A hot and sunny morning greeted us as we made it to the slopes of Pamporovo resort. This was the first morning of the snowboard clinics and the SBINZ team were excited to see who would show up and how the clinics would roll.

Stubbsy and I joined 26 other snowboarders from all around the world, mostly European countries, and met up with the Slovenian team. Luca welcomed us to their clinic and assured us there would be some riding, coffee and sweet treats! To start we rode to the nearest mountain restaurant and learned how important the history of their organisation was to them and their 3300 members.

Slovenia presenting at the start of the clinic

They placed a strong emphasis on refining their resources, technical information and technique. Luca shared with us that the quality of material is important along with consistency and structure. To add to this, an equally important aspect they encouraged was a strong sense of belonging in the industry and to show an authentic self when working, riding and teaching. It was important to their membership to challenge methodology with critical thinking on and off snow to make sure their resources were the best they can be.

The Slovenian instructors agree that the five words that sum up snowboarding are:

  • Life
  • Passion
  • Freedom
  • Fun
  • Expression

They were curious to find out what makes their clients tick and what snowboarding meant to them:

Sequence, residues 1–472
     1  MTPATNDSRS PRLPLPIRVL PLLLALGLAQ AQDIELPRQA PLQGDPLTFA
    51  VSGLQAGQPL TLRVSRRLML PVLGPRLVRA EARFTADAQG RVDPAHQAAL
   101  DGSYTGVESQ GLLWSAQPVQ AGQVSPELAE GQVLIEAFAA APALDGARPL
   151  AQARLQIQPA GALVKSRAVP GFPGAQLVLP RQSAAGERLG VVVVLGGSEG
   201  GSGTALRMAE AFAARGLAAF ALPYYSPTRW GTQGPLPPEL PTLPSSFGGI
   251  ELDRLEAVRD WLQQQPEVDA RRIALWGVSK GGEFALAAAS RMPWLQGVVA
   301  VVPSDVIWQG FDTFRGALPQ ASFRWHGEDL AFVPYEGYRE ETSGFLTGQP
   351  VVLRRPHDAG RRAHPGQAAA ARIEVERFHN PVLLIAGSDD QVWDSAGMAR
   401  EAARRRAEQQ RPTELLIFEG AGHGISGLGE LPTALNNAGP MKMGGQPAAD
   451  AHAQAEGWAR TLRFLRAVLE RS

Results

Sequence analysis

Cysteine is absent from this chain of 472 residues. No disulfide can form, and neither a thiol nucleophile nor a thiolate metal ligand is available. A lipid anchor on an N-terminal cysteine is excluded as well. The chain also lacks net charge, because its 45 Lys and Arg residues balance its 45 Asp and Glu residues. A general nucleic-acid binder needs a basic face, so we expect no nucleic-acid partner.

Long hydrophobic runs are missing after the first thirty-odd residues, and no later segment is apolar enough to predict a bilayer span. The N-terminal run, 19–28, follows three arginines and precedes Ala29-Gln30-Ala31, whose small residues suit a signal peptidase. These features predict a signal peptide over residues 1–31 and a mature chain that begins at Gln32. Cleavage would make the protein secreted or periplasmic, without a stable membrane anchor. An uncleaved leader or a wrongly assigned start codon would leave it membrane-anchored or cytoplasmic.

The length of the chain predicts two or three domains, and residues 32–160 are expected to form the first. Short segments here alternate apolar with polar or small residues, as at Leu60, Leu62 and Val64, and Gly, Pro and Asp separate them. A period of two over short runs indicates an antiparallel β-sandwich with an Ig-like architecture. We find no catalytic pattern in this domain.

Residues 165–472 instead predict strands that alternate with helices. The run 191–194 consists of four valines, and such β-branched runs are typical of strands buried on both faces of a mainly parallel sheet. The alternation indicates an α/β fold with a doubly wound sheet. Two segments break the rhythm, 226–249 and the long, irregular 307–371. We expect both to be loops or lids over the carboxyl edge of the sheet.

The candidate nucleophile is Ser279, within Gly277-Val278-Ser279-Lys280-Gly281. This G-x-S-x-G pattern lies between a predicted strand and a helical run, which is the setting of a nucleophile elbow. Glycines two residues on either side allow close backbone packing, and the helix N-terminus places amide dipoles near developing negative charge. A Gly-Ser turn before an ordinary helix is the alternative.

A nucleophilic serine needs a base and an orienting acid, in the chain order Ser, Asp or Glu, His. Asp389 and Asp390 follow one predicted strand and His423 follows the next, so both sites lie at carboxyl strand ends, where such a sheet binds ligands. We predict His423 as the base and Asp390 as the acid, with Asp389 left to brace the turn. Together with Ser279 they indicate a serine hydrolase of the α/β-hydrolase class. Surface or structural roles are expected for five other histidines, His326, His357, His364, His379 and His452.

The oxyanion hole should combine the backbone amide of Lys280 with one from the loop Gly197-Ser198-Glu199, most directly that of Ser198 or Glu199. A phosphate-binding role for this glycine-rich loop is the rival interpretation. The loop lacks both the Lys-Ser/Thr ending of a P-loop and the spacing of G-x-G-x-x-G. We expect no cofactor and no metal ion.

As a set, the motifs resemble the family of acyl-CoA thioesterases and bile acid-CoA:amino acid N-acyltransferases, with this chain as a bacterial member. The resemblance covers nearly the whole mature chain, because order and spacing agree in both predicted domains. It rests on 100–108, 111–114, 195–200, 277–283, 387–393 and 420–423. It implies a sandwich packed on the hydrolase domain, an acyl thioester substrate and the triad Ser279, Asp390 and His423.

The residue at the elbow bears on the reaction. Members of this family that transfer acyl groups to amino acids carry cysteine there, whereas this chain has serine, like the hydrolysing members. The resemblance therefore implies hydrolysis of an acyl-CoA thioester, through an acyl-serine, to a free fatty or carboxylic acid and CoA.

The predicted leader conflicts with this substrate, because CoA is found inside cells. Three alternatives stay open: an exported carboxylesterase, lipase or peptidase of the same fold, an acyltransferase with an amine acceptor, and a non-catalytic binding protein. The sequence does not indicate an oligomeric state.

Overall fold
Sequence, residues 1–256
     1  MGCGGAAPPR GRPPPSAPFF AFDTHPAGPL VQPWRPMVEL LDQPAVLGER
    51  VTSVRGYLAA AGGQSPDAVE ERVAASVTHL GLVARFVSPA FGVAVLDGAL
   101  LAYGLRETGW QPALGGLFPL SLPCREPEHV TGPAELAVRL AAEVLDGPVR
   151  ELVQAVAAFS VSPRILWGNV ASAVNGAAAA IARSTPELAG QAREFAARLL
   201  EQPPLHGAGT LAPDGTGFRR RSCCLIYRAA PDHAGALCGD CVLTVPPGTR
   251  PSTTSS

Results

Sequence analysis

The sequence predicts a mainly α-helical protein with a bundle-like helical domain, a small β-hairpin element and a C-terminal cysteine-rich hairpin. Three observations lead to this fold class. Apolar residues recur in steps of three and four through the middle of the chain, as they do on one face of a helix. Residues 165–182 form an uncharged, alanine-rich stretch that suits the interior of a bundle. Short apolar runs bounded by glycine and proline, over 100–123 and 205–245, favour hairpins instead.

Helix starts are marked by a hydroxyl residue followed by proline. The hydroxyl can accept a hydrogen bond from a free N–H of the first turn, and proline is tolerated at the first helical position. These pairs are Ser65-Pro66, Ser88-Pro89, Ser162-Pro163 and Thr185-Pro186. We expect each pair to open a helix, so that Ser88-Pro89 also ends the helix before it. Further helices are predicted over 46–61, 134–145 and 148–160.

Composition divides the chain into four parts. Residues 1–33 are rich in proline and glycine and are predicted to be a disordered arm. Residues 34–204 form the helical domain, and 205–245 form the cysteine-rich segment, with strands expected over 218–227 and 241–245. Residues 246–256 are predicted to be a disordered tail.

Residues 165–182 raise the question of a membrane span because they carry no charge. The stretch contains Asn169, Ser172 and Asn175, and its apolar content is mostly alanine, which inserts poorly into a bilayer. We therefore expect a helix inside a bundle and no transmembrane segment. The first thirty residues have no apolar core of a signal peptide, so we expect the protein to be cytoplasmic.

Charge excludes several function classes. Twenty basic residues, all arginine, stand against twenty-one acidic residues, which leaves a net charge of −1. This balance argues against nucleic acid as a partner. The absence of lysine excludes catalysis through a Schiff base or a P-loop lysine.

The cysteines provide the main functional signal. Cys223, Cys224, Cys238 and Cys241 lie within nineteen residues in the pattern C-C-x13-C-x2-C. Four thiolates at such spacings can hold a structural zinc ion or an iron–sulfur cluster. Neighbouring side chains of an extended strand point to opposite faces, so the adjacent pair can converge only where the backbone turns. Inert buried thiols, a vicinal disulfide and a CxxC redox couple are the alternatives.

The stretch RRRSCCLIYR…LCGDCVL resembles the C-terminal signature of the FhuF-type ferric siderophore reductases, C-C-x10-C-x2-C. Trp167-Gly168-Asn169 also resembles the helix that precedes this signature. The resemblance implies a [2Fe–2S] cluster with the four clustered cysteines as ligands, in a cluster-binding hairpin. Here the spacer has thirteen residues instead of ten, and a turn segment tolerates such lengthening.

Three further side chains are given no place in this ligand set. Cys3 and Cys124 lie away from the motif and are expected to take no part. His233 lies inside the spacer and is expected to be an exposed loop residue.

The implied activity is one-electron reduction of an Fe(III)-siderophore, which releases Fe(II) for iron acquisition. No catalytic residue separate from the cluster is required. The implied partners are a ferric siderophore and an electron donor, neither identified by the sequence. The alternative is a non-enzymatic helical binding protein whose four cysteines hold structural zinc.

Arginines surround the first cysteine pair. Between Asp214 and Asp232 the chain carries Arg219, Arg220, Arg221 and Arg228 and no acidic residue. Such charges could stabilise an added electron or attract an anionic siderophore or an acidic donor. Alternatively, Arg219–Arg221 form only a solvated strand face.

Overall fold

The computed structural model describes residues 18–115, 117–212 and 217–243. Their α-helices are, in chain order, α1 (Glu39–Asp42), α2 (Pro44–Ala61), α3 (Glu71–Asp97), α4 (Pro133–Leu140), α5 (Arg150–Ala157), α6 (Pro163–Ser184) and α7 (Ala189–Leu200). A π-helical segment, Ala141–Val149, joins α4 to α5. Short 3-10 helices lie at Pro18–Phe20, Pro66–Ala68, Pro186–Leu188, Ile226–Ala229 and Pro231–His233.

• Holiday
  • Friends
  • Family
  • Challenge
  • Sport
  • Interesting
  • Fun

Based on this market research, they figured out there was one major thing in common. FUN!

Each of us were encouraged to remember what moments we remember our clients were genuinely having fun. What did it take? Where did it happen? When in the lesson did it happen? What conditions helped increase this feeling?

Our Reflections

We were encouraged to challenge our own progressions to find new ways to increase the fun, even if it meant changing the progression to suit the riders current needs. There was no use sticking to the rule-book, if it meant suppressing the chances of having fun.

This really fits with our Safety-Fun-Achievement model and to remember that the needs of each student are likely to change throughout the lesson. Being mindful of when this change happens before it is too late will make for a great time on snow. Remember to pick up on verbal and visual ques that will help you as an instructor and coach make good decisions, from top to bottom. Keep ’em Stoked!

We then mobbed to the terrain park and trained the whole park, all 26 of us!

– By Richie Johnston